In the lead up to what promises to be the biggest tourist season for over two years, the two nurse practitioners at Pambula Hospital's Assessment and Treatment Centre are being moved to South East Regional Hospital's (SERH) emergency department.
Southern NSW Local Health District (SNSWLHD) maintains there will be no change to the service levels offered at Pambula Hospital, but the news of the move has left locals concerned about treatment levels, particularly during the busy holiday season.
SNSWLHD said functions that only nurse practitioners or doctors could undertake, such as writing prescriptions or referrals, could be done remotely and that nurses would be able to suture wounds.
ACM has been told there has been difficulty in getting full coverage from local doctors in SERH's emergency department and it was not proving an attractive proposition for locums.
SNSWLHD has not commented on these claims.
Large hospitals such as SERH are subject to assessment on their services (key performance indicators) which are made publicly available. Pambula's ATC is not subject to the same public scrutiny, leading to questions the move may be part of a strategy to improve reported statistics.
President of Save Our Hospital Inc (SOHI) Sharon Tapscott said she was concerned removal of nurse practitioners from Pambula would leave the southern part of the shire, and as far as Mallacoota, exposed, and would place extra pressure on SERH.
"SOHI currently has a watching brief but I will be hugely disappointed if we are to lose two nurse practitioners. We were supposed to have two teams so they could rotate between SERH and Pambula. This will have a huge impact on SERH," Ms Tapscott said.
She has personal experience of the pressure on beds at SERH and the effect that has on the ED.
"I am aware of two incidents where there was considerable delay, with patients left waiting in ED before being admitted," Ms Tapscott said.
"In one case there was a wait of 12 hours and in another case a bed had to be brought down to ED so that a patient, waiting to be admitted, could be taken off the trolley. The patient then stayed in the bed in ED overnight before being moved to a ward."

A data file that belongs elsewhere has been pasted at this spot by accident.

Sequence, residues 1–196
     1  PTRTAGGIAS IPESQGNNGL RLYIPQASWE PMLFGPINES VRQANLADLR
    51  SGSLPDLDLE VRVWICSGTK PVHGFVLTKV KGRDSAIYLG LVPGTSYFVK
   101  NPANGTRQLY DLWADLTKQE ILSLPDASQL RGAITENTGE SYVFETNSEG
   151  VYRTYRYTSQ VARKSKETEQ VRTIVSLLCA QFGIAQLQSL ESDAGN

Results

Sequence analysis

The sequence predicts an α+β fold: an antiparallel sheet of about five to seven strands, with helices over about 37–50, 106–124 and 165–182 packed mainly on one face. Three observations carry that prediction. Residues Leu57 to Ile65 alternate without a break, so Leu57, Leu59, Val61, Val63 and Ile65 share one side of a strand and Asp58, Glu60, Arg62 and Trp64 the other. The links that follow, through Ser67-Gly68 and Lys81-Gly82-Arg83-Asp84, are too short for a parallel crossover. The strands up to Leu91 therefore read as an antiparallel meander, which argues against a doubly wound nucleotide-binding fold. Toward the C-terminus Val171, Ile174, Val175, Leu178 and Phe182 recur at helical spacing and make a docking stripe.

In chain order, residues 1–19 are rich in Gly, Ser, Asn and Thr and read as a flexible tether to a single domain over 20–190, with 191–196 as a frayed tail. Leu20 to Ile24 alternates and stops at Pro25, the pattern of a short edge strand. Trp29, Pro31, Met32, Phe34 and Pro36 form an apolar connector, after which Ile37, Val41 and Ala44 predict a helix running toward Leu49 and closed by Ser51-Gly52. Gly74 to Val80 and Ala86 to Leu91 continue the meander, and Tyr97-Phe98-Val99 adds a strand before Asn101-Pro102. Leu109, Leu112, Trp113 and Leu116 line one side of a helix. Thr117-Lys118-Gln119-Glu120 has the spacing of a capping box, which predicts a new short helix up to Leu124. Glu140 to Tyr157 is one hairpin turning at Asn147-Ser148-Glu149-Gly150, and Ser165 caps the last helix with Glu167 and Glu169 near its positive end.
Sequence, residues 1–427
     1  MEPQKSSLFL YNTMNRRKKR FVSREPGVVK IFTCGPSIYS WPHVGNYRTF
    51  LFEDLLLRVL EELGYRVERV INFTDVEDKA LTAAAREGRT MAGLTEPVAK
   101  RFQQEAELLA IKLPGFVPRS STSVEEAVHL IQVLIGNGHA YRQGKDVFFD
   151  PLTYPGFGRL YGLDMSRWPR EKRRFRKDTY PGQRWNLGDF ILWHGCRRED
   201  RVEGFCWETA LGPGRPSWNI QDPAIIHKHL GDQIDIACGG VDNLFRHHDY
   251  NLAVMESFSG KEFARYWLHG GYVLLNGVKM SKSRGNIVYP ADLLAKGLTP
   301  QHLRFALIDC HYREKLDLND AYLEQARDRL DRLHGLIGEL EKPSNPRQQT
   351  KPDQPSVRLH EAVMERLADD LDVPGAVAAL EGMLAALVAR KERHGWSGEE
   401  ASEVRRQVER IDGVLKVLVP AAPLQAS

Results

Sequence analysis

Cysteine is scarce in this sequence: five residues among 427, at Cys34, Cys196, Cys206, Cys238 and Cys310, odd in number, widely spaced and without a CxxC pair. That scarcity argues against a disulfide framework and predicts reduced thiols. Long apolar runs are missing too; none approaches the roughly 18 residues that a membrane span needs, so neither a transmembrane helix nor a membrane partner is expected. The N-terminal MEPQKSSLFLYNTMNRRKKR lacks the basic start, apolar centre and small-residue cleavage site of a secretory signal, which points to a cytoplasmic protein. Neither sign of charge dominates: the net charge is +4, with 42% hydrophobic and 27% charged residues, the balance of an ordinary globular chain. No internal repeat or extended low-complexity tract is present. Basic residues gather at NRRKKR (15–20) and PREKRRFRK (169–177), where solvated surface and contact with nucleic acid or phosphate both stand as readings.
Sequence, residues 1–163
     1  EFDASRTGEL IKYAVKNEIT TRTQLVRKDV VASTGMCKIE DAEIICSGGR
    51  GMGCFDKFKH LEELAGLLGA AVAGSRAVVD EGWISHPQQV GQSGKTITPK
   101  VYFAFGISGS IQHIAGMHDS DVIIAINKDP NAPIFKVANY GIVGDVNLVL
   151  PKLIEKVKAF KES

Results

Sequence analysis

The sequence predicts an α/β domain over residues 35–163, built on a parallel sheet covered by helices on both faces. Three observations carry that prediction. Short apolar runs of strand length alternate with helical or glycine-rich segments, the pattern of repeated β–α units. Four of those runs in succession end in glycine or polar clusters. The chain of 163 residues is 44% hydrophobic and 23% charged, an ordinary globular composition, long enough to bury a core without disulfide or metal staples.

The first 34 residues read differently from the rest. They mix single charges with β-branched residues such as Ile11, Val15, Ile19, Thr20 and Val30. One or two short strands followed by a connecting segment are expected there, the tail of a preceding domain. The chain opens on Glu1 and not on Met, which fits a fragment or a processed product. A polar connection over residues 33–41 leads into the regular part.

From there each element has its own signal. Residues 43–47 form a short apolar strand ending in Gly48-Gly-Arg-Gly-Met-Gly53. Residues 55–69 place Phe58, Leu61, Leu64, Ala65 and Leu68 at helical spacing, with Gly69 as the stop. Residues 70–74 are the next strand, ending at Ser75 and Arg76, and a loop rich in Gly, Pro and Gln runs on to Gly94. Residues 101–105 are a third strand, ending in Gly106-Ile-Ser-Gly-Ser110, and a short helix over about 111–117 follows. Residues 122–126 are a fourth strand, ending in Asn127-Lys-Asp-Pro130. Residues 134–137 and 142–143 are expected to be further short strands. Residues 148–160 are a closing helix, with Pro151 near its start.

There could be further pressure on beds at SERH if patients at Pambula have to be moved.
SNSWLHD would not comment on discussions around inpatients at Pambula Hospital and how they might be affected during the holiday period when local doctors, who visit the ward, would not be available.
It's understood that without the availability of doctors, patients - Pambula can accommodate around 14 - would need to be moved.
Ms Tapscott said she had contacted state and federal members with questions around the future of services at Pambula Hospital.
The ATC model of care was introduced in 2016 but got off to a very bumpy start with patients being turned away and unable to be treated. The situation saw SNSWLHD apologise to a patient and review the service.
In late 2018 the nurse practitioner model was announced and the following year became permanent.
"Following the successful introduction of the nurse practitioner model, the district will continue to have a nurse practitioner at Pambula ATC, with the service open seven days a week," SNSWLHD said in July 2019.
There was recognition too of the benefits in having the higher volume of category 4 and 5 patients seen close to where they were staying during holiday times, and not filling SERH's ED.